But while the app has been a godsend to some, it’s been a source of stress and even panic to others.
“Every time a rocket was launched, my phone went haywire,” said Dor Eldar, a 22-year-old dance instructor from Tel Aviv. “I finally had to get rid of it. It was driving me nuts.”
Yifat, a computer technician who asked that her last name not be published, said she also deleted the app, just 24 hours after she downloaded it. “It really stressed me out.” She said her daughter still uses it, as do most of her friends. “It paralyzed me with fear,” she added. “It wouldn’t stop beeping, and quite frankly I didn’t need to be reminded of how things were every minute of every day.” At that point our phone interview about running to shelters was cut short when my own Red Alert sounded off, warning of a rocket about to hit Tel Aviv. (The rocket was successfully intercepted by the Iron Dome, Israel’s now legendary air defense system.)
And then there are those who live so close to Gaza that the app can’t help them. “Those who’ve downloaded it here only use it to get a sense of what’s going on,” said Eran Avni, a videographer and editor from Be’eri, a kibbutz that sits right on the Israel-Gaza border. Avni is part of a small number of Israelis who are within the 15-second warning zone. “All it does is create unneeded hysteria.”
Back in 2008, during Operation Cast Lead, Avni nearly lost his then-12-year-old daughter, Yarden, to a rocket attack. Yarden was on her way home from school when a Qassam hit their kibbutz, landing less than 100 feet away. A fragment penetrated her shoulder, missing a major artery by an inch. “I get why some people like using it, but it wasn’t for me,” he said.
Despite the detractors, Red Alert has become so ubiquitous that even the government is aware of it. “It’s a helpful and innovative app,” said Jonathan Moser, spokesman for the Israeli Ministry of Defense, “but it does not, and should not, replace existing Homefront Command and army tools and procedures.”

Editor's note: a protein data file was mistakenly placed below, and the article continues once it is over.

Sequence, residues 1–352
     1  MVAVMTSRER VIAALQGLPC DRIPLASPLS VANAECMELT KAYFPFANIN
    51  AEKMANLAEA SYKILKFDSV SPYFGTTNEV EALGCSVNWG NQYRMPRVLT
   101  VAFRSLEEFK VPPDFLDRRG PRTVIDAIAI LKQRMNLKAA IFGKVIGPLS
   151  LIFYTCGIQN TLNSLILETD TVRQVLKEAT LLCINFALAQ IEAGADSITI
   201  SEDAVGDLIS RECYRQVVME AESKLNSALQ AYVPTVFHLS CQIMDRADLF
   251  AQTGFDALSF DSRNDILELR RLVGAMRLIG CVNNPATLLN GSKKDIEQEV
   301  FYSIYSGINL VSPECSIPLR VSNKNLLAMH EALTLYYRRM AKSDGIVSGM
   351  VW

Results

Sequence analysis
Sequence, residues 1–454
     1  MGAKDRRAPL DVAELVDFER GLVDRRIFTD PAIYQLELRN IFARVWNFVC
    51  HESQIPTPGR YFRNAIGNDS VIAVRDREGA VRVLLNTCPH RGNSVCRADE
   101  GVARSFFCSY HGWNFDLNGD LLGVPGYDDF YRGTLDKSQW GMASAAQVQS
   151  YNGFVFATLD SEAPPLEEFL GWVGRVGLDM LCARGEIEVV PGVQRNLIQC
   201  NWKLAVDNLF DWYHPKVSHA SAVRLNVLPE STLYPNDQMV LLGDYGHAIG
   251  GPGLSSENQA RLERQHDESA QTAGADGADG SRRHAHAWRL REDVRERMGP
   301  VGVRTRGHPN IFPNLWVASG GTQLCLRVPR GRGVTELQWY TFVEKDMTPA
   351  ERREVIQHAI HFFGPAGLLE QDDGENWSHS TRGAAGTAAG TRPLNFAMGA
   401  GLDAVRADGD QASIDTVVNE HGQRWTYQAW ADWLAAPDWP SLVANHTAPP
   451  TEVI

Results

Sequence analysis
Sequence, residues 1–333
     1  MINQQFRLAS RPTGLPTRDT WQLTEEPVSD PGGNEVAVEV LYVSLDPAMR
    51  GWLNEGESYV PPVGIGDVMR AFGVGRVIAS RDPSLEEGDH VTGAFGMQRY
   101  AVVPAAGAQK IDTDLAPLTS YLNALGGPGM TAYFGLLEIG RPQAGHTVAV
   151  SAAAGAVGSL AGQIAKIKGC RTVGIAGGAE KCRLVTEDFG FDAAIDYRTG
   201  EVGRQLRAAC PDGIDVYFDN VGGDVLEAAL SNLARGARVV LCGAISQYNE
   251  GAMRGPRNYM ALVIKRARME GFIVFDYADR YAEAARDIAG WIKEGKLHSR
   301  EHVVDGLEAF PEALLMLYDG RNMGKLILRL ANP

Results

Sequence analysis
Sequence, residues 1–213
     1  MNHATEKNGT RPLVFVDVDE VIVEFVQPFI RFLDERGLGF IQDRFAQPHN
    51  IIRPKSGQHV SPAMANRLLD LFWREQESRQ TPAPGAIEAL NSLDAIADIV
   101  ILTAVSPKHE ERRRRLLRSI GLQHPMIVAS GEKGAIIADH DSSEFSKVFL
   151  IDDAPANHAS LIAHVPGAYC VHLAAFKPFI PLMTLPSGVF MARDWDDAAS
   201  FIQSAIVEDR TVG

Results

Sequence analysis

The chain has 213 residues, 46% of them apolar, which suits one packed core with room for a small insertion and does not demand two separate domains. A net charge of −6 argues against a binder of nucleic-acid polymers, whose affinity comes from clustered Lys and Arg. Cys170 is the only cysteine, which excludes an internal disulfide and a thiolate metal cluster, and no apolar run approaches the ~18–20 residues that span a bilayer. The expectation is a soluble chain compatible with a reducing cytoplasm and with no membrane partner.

Perhaps the Israeli government just wants a piece of the app’s meteoric success—Homeland Command is coming out with its own version later this year, as is another Israeli startup company. Both could give Red Alert a run for its money.
The new government app not only would alert people of incoming rockets but also would give them information and instructions on what to do in case of emergency. Caught in one of the danger zones? One press of a button and the app will bring up driving directions to a safer location. “This is just the beginning,” said Saab Anwar, former IDF colonel and CEO of Licompass, a disaster management company. Anwar’s firm won the exclusive rights to a new government-sanctioned app called Raz106, which he says will be more accurate and more secure than Red Alert.
Asked whether such apps could possibly tip off the enemy with up-to-the-minute information on where the rockets are landing, allowing them to better their aim, Anwar said no. “It’s true that anyone, including Hamas, could download it, but the information is limited,” he said. “We make sure never to give out exact locations. It’s nothing they can’t get by watching TV or looking at Facebook.”
And if you think these new apps are cool, they’re just the tip of the iceberg, according to the Israeli government. “In the next three to four years, you’re going to see an incredible change in this area,” said Levi Itach, head of the Israeli Early Warning Branch. Even though Iron Dome has been effective at intercepting incoming rockets, he said, Hamas has managed to score a direct hit on Israel’s economy. In the future, instead of sending an entire city into a shelter, Israel would be able to reduce the disrupted areas to certain blocks, he said.
He predicted that in the very near future, automated systems could take over, for example, someone’s car radio, pop out whatever CD they’ve been listening to, and deliver a warning only to those who happen to find themselves driving into a targeted danger zone.
“We want to be able to minimize Hamas’ stronghold on major areas,” he said.